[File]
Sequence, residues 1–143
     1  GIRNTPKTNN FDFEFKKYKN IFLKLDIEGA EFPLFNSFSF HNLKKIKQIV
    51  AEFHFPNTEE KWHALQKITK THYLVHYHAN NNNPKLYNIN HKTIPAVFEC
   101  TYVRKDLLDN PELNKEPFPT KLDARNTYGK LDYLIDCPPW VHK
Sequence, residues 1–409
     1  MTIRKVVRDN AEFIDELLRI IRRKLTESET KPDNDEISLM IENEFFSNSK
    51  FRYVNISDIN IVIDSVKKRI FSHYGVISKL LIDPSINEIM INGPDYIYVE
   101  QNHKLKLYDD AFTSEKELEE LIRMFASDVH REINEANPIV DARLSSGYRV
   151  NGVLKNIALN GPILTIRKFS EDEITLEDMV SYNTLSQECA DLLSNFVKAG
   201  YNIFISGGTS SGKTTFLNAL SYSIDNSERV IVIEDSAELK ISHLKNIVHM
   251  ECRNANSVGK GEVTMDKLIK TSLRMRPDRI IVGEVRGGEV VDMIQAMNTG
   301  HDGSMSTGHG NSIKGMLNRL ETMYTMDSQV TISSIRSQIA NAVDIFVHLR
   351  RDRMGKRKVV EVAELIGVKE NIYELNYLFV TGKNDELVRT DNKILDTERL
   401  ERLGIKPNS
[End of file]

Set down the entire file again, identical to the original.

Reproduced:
Sequence, residues 1–143
     1  GIRNTPKTNN FDFEFKKYKN IFLKLDIEGA EFPLFNSFSF HNLKKIKQIV
    51  AEFHFPNTEE KWHALQKITK THYLVHYHAN NNNPKLYNIN HKTIPAVFEC
   101  TYVRKDLLDN PELNKEPFPT KLDARNTYGK LDYLIDCPPW VHK
Sequence, residues 1–409
     1  MTIRKVVRDN AEFIDELLRI IRRKLTESET KPDNDEISLM IENEFFSNSK
    51  FRYVNISDIN IVIDSVKKRI FSHYGVISKL LIDPSINEIM INGPDYIYVE
   101  QNHKLKLYDD AFTSEKELEE LIRMFASDVH REINEANPIV DARLSSGYRV
   151  NGVLKNIALN GPILTIRKFS EDEITLEDMV SYNTLSQECA DLLSNFVKAG
   201  YNIFISGGTS SGKTTFLNAL SYSIDNSERV IVIEDSAELK ISHLKNIVHM
   251  ECRNANSVGK GEVTMDKLIK TSLRMRPDRI IVGEVRGGEV VDMIQAMNTG
   301  HDGSMSTGHG NSIKGMLNRL ETMYTMDSQV TISSIRSQIA NAVDIFVHLR
   351  RDRMGKRKVV EVAELIGVKE NIYELNYLFV TGKNDELVRT DNKILDTERL
   401  ERLGIKPNS